Premiership club owners are likely to vote for a proposal to give a minority stake to the private equity firm CVC in return for more than £200M ($254.8M), "two months after they turned down a takeover bid," according to Paul Rees of the London GUARDIAN. CVC, which held a majority stake in Formula 1 between '06 and '17, came back with a new offer that "would mean it ran the commercial arm of the Premiership but not the league itself." This would keep the agreement within World Rugby’s regulation governing ownership and mean the 12 clubs "enjoyed a greater proportion of profits than under the original bid." Premiership Rugby held talks with CVC in recent weeks and it is understood a firm offer will be tabled at the next board meeting, which is to be attended by the clubs’ owners, on Dec. 11. The 12 would each receive "an immediate cash injection" of around £20M ($25.5M) at a time when only Exeter is in profit. The debts of most clubs have grown in recent years, "largely because of wage inflation which has accounted for most of the growth in turnover." CVC’s money "will not go into the pockets of players because the salary cap is pegged for the next two seasons but will be used to improve infrastructure and pay off debt." Bath is "hoping to redevelop the Recreation Ground," Harlequins are planning a new stand and Leicester hopes to start a £22M ($28M) project next summer to build a hotel and a car park alongside its Welford Road Stadium. Contracts have been exchanged with a developer and the project "hinges on planning permission." A question the owners "have to weigh up is whether the cash injection would leave them worse off in the long term." They have to balance the money they would receive from CVC against the reduction from central funds each year -- the money which is generated from TV and sponsorship deals for the league. How long would it take to make up the £20M? CVC believes the tournament has "undervalued itself and that the TV market in particular has been underexplored" (GUARDIAN, 11/27).
Eddie Jones was ordered to "moderate his spending" in the build-up to the 2019 Rugby World Cup after the Rugby Football Union announced losses of £30.9M ($39.3M), according to John Westerby of the LONDON TIMES. Jones "safeguarded his job" as England's head coach with three wins in four autumn internationals but the RFU put "strict" measures on his budget after a £900,000 ($1.15M) overspend on the national team. The governing body's losses for '17-18 were offset by a "one-off cash windfall" of £31.6M ($40.2M) but the union is "braced for a harsh economic future," which is expected to lead to a £13M ($16.6M) reduction in overall investment. RFU CEO Steve Brown said, "It is true that the England budget in the previous financial year was overspent. ... It did happen in the previous financial year, but we have got control of it and everyone is clear about that from Eddie and his team downwards. We have been very clear there is a strict budget to the World Cup that is more than sufficient for us to deliver a successful outcome" (LONDON TIMES, 11/27).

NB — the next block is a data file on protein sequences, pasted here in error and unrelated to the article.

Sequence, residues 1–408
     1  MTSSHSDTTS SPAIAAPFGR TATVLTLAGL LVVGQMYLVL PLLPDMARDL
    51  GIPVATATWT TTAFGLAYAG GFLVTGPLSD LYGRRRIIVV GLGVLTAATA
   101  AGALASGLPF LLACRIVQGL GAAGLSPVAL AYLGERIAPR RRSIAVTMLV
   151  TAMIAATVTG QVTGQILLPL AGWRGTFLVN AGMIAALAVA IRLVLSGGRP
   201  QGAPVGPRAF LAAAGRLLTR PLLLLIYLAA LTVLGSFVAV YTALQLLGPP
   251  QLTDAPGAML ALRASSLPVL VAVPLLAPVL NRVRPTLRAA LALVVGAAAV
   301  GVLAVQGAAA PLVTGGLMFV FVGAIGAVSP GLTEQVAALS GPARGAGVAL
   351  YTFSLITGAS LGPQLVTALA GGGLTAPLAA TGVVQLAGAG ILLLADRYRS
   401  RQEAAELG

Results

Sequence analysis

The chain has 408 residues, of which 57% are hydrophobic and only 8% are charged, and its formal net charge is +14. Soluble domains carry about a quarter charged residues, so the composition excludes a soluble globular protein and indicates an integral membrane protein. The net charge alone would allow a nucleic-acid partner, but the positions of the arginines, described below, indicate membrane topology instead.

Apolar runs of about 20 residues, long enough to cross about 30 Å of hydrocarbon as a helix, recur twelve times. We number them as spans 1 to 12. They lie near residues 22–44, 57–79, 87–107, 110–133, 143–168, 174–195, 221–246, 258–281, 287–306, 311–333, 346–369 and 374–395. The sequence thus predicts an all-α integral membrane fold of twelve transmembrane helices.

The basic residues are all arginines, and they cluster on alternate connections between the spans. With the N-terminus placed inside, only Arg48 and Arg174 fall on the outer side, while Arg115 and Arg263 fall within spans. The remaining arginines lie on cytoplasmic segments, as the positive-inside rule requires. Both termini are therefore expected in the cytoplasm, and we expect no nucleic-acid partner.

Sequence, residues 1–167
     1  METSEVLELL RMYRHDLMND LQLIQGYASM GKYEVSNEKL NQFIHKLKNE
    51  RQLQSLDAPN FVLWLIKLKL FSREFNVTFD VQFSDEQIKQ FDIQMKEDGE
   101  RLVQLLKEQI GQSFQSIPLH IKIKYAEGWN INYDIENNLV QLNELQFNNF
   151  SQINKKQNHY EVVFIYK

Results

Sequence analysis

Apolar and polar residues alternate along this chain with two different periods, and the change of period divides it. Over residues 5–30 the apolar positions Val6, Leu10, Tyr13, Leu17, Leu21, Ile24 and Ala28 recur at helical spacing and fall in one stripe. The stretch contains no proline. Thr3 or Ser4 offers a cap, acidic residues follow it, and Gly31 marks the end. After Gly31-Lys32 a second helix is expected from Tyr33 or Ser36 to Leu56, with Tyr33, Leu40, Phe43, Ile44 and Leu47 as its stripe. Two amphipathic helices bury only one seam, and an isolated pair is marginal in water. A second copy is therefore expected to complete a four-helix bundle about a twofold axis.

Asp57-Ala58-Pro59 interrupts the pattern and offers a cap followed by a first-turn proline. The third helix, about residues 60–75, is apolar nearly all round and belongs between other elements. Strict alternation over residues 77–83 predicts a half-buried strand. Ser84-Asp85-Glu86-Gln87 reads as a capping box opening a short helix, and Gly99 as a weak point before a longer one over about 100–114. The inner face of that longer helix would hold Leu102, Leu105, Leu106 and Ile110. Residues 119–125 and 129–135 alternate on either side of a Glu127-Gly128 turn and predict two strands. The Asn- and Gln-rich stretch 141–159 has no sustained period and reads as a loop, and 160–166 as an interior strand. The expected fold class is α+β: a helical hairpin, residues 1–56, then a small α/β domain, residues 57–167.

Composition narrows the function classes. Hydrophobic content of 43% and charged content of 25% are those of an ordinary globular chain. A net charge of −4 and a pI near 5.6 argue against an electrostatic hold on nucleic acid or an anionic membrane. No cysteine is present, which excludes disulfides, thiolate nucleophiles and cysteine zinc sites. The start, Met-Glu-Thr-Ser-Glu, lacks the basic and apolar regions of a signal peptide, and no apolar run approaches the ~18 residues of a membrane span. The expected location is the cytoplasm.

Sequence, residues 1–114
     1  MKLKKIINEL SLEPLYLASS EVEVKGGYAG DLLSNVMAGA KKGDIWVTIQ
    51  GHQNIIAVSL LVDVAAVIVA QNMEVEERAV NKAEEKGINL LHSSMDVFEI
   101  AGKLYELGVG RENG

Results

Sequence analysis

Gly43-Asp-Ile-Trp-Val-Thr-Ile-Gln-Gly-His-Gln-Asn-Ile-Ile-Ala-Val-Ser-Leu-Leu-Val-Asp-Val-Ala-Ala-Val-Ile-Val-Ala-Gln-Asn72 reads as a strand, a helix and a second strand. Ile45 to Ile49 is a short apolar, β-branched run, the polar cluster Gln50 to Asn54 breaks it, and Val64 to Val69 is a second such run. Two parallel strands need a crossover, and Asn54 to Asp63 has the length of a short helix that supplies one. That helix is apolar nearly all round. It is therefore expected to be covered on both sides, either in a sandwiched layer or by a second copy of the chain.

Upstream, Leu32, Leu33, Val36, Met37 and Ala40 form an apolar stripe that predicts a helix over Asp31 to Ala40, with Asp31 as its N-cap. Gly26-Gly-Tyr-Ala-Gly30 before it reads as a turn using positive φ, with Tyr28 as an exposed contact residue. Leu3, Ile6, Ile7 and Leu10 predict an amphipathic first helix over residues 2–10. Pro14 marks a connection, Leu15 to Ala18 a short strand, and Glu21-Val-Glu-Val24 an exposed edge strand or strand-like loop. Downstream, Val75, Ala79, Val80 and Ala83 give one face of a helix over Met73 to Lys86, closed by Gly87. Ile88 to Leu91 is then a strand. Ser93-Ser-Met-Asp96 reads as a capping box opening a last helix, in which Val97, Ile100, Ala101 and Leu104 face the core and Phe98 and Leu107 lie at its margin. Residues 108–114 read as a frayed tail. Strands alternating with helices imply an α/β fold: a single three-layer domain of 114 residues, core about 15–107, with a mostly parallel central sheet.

Sport Australia is "under pressure to shelve until after the Tokyo Games a contentious new funding model" that could potentially strip more than A$1M ($722,700) from the athletics team in the "critical 12 months leading up to the 2020 Olympics," according to Chip Le Grand of THE AUSTRALIAN. Athletics Australia President Mark Arbib said that the model was based on a "bureaucratic obsession with winning medals" rather than a "fair assessment" of the sport and its leading athletes -- javelin thrower Kathryn Mitchell, discus thrower Dani Stevens, high jumper Brandon Starc, and hurdler Sally Pearson. Arbib said, "The new funding system should be immediately suspended and reviewed after the Tokyo Games. To move ahead like this provides great uncertainty for Olympic sports and will threaten the preparation of our athletes." The high-performance funding model, unveiled last Friday, includes a financial boost for 12 Olympic and Paralympic sports from Jan. 1, with women’s football, women’s rugby sevens, para-athletics, diving, shooting and softball "among the big summer sport winners." Australian Institute of Sport Dir Peter Conde said that while the new model contained "tough decisions," these were necessary for Australia to secure the best Olympic and Paralympic return from a "tight sports budget." He said, "We are here to fund for podium success. That is what we are charged with doing. None of the sports that have been cut are in that frame" (THE AUSTRALIAN, 11/27).